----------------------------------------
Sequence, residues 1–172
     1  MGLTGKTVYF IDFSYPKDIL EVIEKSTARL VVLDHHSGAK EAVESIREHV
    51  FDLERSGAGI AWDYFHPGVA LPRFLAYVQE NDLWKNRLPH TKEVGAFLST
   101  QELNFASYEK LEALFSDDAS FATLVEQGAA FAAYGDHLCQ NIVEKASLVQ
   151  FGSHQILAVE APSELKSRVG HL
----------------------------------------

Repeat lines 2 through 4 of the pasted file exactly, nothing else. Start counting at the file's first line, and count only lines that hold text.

     1  MGLTGKTVYF IDFSYPKDIL EVIEKSTARL VVLDHHSGAK EAVESIREHV
    51  FDLERSGAGI AWDYFHPGVA LPRFLAYVQE NDLWKNRLPH TKEVGAFLST
   101  QELNFASYEK LEALFSDDAS FATLVEQGAA FAAYGDHLCQ NIVEKASLVQ